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An Human-Robot Interaction Control Architecture for an Intelligent Assistive Robot

[+] Author Affiliations
Maurizio Ficocelli

State University of New York (SUNY) at Stony Brook, Stony Brook, NY

Goldie Nejat, Greg Minseok Jhin

University of Toronto, Toronto, ON, Canada

Paper No. DETC2009-87639, pp. 937-946; 10 pages
  • ASME 2009 International Design Engineering Technical Conferences and Computers and Information in Engineering Conference
  • Volume 7: 33rd Mechanisms and Robotics Conference, Parts A and B
  • San Diego, California, USA, August 30–September 2, 2009
  • Conference Sponsors: Design Engineering Division and Computers in Engineering Division
  • ISBN: 978-0-7918-4904-0 | eISBN: 978-0-7918-3856-3
  • Copyright © 2009 by ASME


As the first round of baby boomers turn 65 in 2011, we must be prepared for the largest demographic group in history that could need long term care from nursing homes and home health providers. The development of socially assistive robots for health care applications can provide measurable improvements in patient safety, quality of care, and operational efficiencies by playing an increasingly important role in patient care in the fast pace of crowded clinics, hospitals and nursing/veterans homes. However, there are a number of research issues that need to be addressed in order to design such robots. In this paper, we address one of the main limitations to the development of intelligent socially assistive robots for health care applications: Robotic control architecture design and implementation with explicit social and assistive task functionalities. In particular, we present the design of a unique learning-based multi-layer decision making control architecture for utilization in determining the appropriate behavior of the robot. Herein, we explore and compare two different learning-based techniques that can be utilized as the main decision-making module of the controller. Preliminary experiments presented show the potential of the integration of the aforementioned techniques into the overall design of such robots intended for assistive scenarios.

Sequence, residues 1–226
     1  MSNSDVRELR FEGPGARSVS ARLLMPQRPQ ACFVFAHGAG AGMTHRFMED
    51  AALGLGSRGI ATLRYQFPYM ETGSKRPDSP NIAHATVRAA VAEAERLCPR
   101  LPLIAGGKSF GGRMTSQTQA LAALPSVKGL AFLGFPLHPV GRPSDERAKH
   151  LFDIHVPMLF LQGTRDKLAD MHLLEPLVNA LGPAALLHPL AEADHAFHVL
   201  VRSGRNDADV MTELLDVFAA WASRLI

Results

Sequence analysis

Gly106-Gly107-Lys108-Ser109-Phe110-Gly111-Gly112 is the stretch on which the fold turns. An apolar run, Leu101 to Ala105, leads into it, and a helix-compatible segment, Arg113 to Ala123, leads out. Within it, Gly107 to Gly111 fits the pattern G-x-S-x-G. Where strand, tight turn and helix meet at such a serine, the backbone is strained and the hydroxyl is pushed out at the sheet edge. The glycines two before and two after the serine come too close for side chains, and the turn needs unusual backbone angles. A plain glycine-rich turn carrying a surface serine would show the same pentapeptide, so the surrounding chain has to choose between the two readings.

Copyright © 2009 by ASME



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